• In China the inequality has increased between urban centres as well. So, it is not just rural urban gap but urban-urban gap as well.
  • Causes for increasing inequality are slow growth of agriculture, differences in skill-sets (as markets have expanded and liberalised, those with skills have managed to capture most of the available opportunities)
  • To reduce inequality, apart from usual stuff like creating employment opportunities, expanding skill-sets, one has to distinguish between inequality arising from efforts and circumstances. It is latter which must be addressed. Basically, a born poor should get opportunities similar to born rich to reduce inequality. Well said.

It is an excellent initiative from ADB with number of ideas. Once again, it is highly recommended.

Assorted Links

August 29, 2007

1. Greg Mankiw narrates this interesting story- The Magic Number 49.

2. The debate has always been there – Whether aid works or not? It has recently hotted up after this Arvind Subramanian article which says Aid has not been effective. Rodrik comments saying it is not whether aid works or not. What matters is how you can make it more effective. There are numerous instances of aid working and not working. So make it work.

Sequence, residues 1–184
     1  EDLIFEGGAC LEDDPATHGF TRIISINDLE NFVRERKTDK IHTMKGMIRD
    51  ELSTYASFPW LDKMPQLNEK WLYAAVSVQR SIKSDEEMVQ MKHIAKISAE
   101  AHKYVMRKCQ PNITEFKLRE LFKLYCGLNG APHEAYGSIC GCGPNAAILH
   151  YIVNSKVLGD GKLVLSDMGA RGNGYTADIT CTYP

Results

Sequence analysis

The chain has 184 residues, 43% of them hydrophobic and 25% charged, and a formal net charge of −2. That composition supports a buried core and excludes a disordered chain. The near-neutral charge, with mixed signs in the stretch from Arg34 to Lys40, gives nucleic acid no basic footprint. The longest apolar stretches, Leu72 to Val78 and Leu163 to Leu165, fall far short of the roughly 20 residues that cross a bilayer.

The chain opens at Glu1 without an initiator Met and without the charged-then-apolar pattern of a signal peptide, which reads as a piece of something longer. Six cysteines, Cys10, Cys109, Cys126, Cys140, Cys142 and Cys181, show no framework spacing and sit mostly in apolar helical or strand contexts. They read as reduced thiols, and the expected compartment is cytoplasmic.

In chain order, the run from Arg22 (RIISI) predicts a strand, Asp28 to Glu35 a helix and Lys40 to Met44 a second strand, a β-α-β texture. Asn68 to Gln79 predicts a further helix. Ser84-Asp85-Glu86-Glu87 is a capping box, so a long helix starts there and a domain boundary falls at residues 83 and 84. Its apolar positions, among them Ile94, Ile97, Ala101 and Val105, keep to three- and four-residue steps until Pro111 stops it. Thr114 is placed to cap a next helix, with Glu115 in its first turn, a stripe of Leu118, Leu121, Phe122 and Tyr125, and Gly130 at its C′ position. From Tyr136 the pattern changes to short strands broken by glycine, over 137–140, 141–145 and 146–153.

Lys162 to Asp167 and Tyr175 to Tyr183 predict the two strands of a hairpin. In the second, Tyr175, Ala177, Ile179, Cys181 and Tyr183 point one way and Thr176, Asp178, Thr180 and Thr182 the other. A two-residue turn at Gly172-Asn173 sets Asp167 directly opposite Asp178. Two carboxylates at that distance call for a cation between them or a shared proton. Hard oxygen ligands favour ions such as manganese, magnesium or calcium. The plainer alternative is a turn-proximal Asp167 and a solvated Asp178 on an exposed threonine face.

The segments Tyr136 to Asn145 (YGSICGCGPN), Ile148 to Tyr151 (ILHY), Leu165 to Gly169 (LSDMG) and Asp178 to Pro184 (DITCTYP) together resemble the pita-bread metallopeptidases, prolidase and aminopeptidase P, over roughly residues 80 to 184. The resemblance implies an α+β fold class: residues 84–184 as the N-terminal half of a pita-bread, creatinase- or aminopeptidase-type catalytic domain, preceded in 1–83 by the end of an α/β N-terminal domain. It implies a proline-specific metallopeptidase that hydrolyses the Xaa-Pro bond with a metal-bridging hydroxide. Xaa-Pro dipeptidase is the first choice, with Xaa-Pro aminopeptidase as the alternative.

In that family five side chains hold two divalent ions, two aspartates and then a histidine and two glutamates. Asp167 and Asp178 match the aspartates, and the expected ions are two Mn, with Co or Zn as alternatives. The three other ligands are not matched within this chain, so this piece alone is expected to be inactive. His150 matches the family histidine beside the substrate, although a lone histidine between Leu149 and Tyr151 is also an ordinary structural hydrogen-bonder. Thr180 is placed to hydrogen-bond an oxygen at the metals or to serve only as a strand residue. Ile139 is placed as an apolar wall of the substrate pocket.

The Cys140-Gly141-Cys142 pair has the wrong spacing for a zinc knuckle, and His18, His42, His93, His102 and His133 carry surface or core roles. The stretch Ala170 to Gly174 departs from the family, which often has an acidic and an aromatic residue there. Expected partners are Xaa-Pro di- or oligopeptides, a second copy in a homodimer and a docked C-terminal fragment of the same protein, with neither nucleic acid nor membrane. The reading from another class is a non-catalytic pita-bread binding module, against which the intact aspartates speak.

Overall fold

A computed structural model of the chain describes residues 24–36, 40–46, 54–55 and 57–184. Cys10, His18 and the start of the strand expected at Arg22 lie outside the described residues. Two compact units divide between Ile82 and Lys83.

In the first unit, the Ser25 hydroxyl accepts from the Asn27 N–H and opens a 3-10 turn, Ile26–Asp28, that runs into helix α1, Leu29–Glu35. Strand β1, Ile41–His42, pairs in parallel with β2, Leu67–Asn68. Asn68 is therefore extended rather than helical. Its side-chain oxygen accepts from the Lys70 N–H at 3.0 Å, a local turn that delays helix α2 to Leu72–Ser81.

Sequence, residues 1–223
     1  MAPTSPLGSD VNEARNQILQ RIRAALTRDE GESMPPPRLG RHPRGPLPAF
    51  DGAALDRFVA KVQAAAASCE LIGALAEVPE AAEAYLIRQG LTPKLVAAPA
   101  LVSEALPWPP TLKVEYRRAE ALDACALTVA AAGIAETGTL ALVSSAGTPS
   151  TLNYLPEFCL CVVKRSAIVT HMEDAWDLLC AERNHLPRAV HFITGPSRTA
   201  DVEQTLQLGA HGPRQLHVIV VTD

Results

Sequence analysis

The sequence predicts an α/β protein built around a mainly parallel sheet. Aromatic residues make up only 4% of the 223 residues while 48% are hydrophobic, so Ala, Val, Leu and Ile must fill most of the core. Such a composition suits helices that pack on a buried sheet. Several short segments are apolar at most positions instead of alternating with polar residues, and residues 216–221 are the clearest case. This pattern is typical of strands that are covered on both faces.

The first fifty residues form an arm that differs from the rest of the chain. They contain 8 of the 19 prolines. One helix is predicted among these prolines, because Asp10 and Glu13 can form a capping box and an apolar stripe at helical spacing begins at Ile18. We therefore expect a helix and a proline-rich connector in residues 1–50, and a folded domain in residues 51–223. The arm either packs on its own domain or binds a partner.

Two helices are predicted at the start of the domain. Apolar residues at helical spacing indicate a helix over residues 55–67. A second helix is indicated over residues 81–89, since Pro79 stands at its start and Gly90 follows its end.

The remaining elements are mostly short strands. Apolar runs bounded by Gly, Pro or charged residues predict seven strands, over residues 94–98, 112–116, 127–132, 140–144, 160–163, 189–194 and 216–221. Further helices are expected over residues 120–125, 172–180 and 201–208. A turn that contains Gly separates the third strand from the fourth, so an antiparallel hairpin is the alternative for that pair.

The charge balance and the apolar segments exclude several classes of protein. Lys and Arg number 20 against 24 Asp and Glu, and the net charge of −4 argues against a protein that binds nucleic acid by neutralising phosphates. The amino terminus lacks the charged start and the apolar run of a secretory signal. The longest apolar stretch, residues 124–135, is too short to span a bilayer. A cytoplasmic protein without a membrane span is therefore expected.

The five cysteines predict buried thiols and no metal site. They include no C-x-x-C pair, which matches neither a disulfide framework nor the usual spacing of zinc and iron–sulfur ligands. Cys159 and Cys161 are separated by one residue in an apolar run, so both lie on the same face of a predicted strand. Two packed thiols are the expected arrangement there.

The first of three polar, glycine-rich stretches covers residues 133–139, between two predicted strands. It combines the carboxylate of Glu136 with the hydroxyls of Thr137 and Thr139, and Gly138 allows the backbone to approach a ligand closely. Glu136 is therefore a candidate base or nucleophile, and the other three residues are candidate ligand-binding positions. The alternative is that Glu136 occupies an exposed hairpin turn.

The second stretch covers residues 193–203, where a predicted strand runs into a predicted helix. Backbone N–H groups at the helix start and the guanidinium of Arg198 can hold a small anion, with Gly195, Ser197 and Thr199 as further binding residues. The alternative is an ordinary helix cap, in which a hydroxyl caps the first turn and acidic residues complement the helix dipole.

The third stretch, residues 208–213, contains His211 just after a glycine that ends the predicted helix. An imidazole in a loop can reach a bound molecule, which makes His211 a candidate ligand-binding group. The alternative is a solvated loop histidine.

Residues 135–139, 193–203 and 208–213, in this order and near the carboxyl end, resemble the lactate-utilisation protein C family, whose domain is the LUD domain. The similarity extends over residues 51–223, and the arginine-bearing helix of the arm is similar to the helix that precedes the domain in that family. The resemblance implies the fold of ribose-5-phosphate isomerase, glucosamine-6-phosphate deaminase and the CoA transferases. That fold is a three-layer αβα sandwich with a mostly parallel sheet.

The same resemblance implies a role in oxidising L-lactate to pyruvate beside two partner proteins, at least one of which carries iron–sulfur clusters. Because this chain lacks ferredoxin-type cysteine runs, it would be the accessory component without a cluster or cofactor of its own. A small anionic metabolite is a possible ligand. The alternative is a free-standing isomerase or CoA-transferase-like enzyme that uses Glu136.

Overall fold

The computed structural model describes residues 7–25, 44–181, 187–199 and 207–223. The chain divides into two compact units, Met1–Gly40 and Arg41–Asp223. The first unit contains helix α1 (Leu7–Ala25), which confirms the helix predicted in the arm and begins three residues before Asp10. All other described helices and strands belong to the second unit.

3. ET has some good articles today-
a) Prithvi Haldea says we should not allow firms to list abroad. We should first develop our own capital markets by letting companies intermediate doemstic household savings via the market route and then go abroad. He says we may be talking of developed financial markets in India but reality is opposite. This article should raise some debate in India.
b) SS Aiyar shares his views on inequality.
c) Madan Sabnavis has an interesting article on huge credit growth in India.

4. BS has a nice debate on the hot topic- Should credit raters be rated? Any crisis, credit rating agencies are held at fault. Hightime something is done about them.

5. As we debate on the efficacy of entry load charged by Mutual Funds, MFs are tinkering with their exit loads.

6. WSJ Blog points comparison of sub-prime crisis to 1907. crisis. WSJ Blog points to this interesting development Sub-Prime crisis hits high-cost real estate markets.